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Lake Julian in Cary thrives 60 years later

Published: Sunday, Sept. 1, 2013 5:30 a.m. CDT
Caption
(Kyle Grillot – kgrillot@shawmedia.com)
Customers fish the trout pond at Lake Julian Trout Farm in Cary. The former gravel pit was turned into a tourist destination 60 years ago and now attracts 10,000 visitors a year.
Caption
(Kyle Grillot – kgrillot@shawmedia.com)
Jay Draper of Burr Ridge helps his son Colin, 7, reel in a trout at Lake Julian Trout Farm in Cary.
Caption
(Kyle Grillot – kgrillot@shawmedia.com)
Colin Draper, 7, of Burr Ridge picks up a recently caught trout at Lake Julian Trout Farm in Cary.

CARY – The Lake Julian Trout Farm in Cary began from a family’s passion for raising fish and now 60 years later has become a regional attraction for other families wanting to fish.

The former gravel pit turned trout farm annually serves about 10,000 visitors, many of whom come from the urban bustle of Chicago to escape and take their children and grandchildren fishing for the first time.

“I have many generations fishing here. I have people who came here with their grandparents and now are bringing their grandchildren,” owner Dorothy Miller said. “It’s run by a family, and it’s really run for families.”

Miller’s father, Julian Dvorak, had the idea for the lake after he started raising trout on the property. Like his father and grandfather before him, Dvorak had worked the 40-acre area off Route 14 when it was a gravel pit.

He initially purchased 18 acres on the back end of the property and eventually purchased the entire area, transforming it into a recreational park for fishing. Miller took over the business in the 1960s in an effort to keep Lake Julian in the family.

Miller and her two brothers still own separate homes on the land.

Miller changed the operating hours and relocated office space, but the lake’s main features are still intact from when her father opened it to the public 60 years ago.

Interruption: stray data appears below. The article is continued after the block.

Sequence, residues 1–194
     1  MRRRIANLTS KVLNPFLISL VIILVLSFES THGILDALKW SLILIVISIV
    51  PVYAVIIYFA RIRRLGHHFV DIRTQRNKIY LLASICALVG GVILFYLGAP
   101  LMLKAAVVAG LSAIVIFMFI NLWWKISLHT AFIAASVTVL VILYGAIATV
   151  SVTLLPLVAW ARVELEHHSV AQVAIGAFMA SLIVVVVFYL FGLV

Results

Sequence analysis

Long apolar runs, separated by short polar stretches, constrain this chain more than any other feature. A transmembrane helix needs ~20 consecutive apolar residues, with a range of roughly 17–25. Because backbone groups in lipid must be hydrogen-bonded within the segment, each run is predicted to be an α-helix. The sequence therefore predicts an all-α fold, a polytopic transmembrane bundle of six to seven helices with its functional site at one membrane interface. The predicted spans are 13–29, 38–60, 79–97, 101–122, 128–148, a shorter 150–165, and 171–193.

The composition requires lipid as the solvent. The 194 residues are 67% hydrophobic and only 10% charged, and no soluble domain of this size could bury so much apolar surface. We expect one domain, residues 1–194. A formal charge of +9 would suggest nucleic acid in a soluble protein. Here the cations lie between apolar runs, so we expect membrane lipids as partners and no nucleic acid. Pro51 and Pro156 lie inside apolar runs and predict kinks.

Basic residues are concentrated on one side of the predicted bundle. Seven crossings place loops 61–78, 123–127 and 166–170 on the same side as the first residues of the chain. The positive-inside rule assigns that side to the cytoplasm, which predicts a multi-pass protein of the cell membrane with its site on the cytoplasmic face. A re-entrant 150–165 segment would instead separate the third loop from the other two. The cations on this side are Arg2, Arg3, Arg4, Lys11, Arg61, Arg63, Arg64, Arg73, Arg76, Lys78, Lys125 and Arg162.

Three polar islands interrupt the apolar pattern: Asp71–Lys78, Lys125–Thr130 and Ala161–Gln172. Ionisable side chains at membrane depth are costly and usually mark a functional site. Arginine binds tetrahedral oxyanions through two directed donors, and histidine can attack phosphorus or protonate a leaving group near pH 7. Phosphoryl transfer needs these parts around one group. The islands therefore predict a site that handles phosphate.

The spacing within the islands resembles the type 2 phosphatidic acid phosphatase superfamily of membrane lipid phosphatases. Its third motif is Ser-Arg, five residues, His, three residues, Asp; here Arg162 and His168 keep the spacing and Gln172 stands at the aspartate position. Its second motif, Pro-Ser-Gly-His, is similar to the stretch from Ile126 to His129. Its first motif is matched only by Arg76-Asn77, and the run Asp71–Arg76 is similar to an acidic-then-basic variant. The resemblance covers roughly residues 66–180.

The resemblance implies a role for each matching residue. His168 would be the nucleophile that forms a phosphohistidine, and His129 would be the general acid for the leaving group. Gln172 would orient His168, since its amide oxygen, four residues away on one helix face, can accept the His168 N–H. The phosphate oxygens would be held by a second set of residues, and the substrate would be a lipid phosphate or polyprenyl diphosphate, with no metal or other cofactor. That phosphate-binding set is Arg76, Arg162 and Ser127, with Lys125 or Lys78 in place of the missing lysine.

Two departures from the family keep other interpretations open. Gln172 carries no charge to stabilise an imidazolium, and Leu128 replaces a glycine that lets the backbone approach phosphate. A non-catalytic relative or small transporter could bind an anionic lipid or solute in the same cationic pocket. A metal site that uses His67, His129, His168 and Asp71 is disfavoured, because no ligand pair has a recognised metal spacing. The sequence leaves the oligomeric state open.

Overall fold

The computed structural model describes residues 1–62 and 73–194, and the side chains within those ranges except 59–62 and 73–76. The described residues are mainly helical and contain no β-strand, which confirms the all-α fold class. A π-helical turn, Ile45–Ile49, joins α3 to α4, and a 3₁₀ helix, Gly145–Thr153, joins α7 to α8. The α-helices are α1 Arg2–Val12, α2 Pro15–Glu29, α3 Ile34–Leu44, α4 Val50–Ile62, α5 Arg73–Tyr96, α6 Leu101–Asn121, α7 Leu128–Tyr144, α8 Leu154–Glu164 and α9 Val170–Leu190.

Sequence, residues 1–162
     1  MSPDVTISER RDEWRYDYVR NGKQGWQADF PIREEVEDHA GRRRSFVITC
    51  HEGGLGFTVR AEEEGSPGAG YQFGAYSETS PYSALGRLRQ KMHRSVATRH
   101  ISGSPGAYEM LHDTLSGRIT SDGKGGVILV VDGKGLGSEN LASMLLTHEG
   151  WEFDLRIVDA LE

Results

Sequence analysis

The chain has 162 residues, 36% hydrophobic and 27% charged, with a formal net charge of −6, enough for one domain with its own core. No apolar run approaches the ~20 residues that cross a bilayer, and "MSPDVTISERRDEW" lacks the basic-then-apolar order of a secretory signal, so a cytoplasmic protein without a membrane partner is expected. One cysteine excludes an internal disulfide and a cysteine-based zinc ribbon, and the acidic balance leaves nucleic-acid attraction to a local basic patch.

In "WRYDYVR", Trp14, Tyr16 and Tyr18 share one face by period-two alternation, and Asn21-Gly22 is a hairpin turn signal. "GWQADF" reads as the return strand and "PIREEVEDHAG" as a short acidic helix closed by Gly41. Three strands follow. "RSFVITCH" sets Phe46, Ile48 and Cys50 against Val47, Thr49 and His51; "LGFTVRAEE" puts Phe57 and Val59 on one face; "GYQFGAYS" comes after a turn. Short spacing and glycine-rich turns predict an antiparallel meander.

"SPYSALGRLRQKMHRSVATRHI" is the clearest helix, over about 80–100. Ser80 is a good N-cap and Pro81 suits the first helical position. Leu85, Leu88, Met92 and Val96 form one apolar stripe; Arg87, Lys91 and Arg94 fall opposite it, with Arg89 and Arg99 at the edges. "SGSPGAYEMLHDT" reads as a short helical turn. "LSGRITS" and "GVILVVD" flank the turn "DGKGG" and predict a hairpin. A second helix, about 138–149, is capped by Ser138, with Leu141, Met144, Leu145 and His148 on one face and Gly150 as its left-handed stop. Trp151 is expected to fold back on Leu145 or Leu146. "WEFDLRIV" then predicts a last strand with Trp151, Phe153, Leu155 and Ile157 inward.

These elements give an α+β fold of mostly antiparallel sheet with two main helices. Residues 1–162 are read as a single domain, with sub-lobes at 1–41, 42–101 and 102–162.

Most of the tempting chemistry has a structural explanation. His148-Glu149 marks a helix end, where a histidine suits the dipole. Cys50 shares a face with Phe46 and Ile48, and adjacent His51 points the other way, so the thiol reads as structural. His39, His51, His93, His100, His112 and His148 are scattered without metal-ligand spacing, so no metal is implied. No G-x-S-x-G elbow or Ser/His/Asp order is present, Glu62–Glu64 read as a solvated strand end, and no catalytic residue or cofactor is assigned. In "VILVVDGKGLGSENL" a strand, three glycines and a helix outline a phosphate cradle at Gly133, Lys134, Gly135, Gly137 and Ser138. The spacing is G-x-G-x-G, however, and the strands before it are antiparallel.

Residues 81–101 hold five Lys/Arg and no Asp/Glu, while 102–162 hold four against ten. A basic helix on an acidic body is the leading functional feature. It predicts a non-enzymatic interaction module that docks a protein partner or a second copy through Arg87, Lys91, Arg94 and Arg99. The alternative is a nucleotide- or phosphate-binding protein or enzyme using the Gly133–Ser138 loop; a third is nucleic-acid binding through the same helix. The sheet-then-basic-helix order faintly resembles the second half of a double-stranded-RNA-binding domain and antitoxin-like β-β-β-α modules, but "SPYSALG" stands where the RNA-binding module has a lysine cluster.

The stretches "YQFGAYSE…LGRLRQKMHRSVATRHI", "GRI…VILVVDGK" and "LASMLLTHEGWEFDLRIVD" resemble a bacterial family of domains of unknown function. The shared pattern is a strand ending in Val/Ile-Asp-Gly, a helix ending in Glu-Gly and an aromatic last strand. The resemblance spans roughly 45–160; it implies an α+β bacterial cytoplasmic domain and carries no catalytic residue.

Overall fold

Right inside the entrance, there is a trout farm holding 12,000 pounds of trout. Families have to keep what they catch from the small trout pond, but are allowed to catch-and-release trout, bass and other fish at the Big Lake, located on the lower level of the old gravel pit.

“As a rule, it is very quiet, very peaceful, and it is very rural,” Miller said. “People are coming to have a day in the country, more or less.”

The lake has also served as a place for company retreats and celebrity outings. Retired NFL linebacker Brian Urlacher even used Lake Julian while he was still in a Chicago Bears uniform for a fan event a few years ago, Miller said.

Lake Julian’s longstanding presence in Cary has helped the area thrive throughout the decades, said Suzanne Corr, executive director of the Cary-Grove Chamber of Commerce.

People also rely on other area businesses for supplies for their trips to the lake, she said.

“It has put Cary on the map, especially with outdoor enthusiasts,” Corr said. “It’s also just a wonderful recreational site for local residents.”

Looking forward, Miller said she has no plans to give up the lake, hoping to keep the family business as long as she can.

“It’s an ideal business. That’s probably why it’s still going because I enjoy it so much,” Miller said. “I’m quite content.”

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Lake Julian Trout Farm

Located at 65 S. Route 14 in Cary, the 40-acre recreational park hosts 10,000 visitors a year and offers an array of fishing, including a trout farm. For information, call the Lake Julian staff at 847-639-3734 or go to www.lakejulian.com.

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